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Agenda item

Schedule

To consider the accompanying Schedule of Planning Applications and proposals, marked Appendix “A”.

Decision:

Parish and Reference

Address

Decisions

Item/page

number

 

Badgeworth

 

 

 

18/01295/OUT

Fortitude Birdlip Hill Witcombe Gloucester

Refuse

3/425

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Brockworth

 

 

 

19/00678/OUT

18 Westfield Road Brockworth Gloucester Gloucestershire

Deferred for site visit

5/442

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Down Hatherley

 

 

 

19/00674/FUL

Caerleon Brook Lane Down Hatherley Gloucester

Permit

4/436

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Dumbleton

 

 

 

18/00770/FUL

Saberton Farm Beckford Road Dumbleton Evesham

Permit

1/404

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Gotherington

 

 

 

19/00476/FUL

Part Parcel 5778 Malleson Road Gotherington Cheltenham

Delegated Permit

2/413

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Highnam

 

 

 

19/00873/TPO

Allotments Oakridge Highnam Gloucester

Consent

10/465

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Innsworth

 

 

 

19/00915/FUL

Unit J1 Innsworth Technology Park Innsworth Gloucester

Permit

7/455

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Maisemore

 

 

 

19/00941/FUL

6 Persh Way Maisemore Gloucester Gloucestershire

Refuse

9/461

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Staverton

 

 

 

19/00918/FUL

St Clair Cottages Staverton Cheltenham Gloucestershire

Permit

8/458

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Woodmancote

 

 

 

19/00863/FUL

Bushcombe House Farm Bushcombe Lane Woodmancote Cheltenham

Permit

6/449

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Minutes:

35.1           The Technical Planning Manager submitted a Schedule comprising planning applications and proposals with recommendations thereon.  Copies of this had been circulated to Members as Appendix A to the Agenda for the meeting.  The objections to, support for, and observations upon the various applications as referred to in Appendix 1 attached to these Minutes were presented to the Committee and duly taken into consideration by Members prior to decisions being made on those applications.

18/00770/FUL – Saberton Farm, Beckford Road, Dumbleton

35.2          This application was for change of use of former wholesale plant nursery to builders’ yard; conversion of existing barn to office use; erection of storage buildings; retention of tile manufacturing operations; and installation of associated infrastructure.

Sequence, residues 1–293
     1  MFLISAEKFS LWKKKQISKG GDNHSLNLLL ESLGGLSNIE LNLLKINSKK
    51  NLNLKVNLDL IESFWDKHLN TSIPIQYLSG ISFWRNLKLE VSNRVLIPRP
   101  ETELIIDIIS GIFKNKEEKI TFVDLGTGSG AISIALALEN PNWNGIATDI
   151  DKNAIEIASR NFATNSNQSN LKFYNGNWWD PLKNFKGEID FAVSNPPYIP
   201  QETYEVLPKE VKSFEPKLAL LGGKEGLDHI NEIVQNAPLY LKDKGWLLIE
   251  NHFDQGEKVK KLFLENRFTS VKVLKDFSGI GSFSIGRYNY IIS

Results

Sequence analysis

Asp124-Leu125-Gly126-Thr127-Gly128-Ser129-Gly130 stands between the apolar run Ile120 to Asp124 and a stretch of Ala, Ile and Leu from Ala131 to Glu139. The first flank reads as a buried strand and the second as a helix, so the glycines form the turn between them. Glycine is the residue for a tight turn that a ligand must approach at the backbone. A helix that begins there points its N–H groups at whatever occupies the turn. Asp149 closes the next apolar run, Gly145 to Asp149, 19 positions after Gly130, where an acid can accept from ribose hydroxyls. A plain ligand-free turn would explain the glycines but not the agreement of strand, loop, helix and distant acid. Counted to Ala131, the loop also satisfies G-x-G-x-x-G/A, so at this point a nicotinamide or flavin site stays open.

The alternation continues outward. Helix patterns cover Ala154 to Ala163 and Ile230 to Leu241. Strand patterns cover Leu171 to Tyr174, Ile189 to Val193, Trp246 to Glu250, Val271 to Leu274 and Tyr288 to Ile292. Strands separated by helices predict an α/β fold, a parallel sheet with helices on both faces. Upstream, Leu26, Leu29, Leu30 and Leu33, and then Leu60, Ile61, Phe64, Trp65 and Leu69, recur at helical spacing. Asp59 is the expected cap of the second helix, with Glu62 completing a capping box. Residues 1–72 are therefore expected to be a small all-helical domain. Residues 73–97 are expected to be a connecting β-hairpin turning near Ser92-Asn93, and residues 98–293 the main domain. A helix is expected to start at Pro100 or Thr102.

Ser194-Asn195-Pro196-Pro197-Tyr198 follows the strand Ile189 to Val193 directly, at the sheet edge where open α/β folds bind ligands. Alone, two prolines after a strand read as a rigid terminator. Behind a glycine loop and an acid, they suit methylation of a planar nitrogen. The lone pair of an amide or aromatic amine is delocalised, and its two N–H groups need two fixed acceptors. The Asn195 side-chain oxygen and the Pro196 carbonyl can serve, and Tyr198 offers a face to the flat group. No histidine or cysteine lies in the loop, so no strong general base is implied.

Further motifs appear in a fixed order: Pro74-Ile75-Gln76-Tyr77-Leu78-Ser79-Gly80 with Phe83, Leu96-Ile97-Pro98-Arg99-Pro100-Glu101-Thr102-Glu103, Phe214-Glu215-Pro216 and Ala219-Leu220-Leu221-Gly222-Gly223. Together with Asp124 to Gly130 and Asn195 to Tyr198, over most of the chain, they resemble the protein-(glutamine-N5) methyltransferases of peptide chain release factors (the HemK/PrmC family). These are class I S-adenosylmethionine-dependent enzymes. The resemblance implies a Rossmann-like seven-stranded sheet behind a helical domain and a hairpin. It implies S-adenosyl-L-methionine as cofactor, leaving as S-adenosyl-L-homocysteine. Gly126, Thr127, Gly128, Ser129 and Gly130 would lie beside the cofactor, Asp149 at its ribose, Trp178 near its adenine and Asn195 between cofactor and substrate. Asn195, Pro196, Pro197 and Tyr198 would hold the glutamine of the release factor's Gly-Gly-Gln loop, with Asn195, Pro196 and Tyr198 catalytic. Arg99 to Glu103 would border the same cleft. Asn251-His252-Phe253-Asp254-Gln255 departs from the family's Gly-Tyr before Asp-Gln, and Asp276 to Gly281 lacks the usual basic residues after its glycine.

35.3          The Planning Officer advised that the application related to Saberton Farm, a former horticultural nursery located to the west of Dumbleton, adjacent to the A46 and Beckford Road.  The site lay within the Area of Outstanding Natural Beauty and Flood Zone 1.  The proposal was for the change of use of the site to a builders’ yard and tile manufacturer with various other works including two new storage buildings, the conversion of an existing stone barn to an office and re-covering of a number of existing poly-tunnels.  The applicant had advised that the site was required for the relocation and growth of their business and that no other alternative suitable sites had been found.  The main issues in the consideration of the application were the principle of the development, impact on the Area of Outstanding Natural Beauty, ecology and highway safety.  In terms of the principle of development, the application proposed an employment-generating use within the open countryside in conflict with Joint Core Strategy Policy SD1 which set out appropriate employment types and locations; however, it was noted that the National Planning Policy Framework was more supportive of employment uses beyond existing settlements which met local business requirements and this needed to be weighed in the benefits of the scheme.  Whilst the proposal would introduce more built development, the application also proposed the removal of uncharacteristic Leylandii belts and the installation of additional native tree and hedgerow planting.  Additional details in respect of the external storage of materials had been received and were set out in the Additional Representations Sheet, attached at Appendix 1. The heights and locations for external storage were considered appropriate and would be adequately screened from the wider area and, subject to compliance with conditions, it was considered that the scenic beauty of the Area of Outstanding Natural Beauty would be conserved.  The submitted reports indicated that the site was of limited ecological value; however, a Brown Eared Bat had been recorded in the stone barn which was proposed for conversion.  Having had regard to the Conservation of Habitats and Species Regulations, it was considered that, subject to compliance with conditions, the proposal would have no detrimental effect on the conservation status of the bat.  Highways England and County Highways had confirmed there would be no adverse impact on the highway network and there would be no increased flood risk on the site or elsewhere.  Whilst there was a conflict with Joint Core Strategy Policy SD1, and the proposal would introduce change and development in the Area of Outstanding Natural Beauty, it was considered that the harms were outweighed by the economic and environmental benefits of the development, particularly considering the current condition of the site.  As such, the Officer recommendation was to permit the application, subject to the conditions set out in the Officer report with the amendments and additional condition on the Additional Representations Sheet.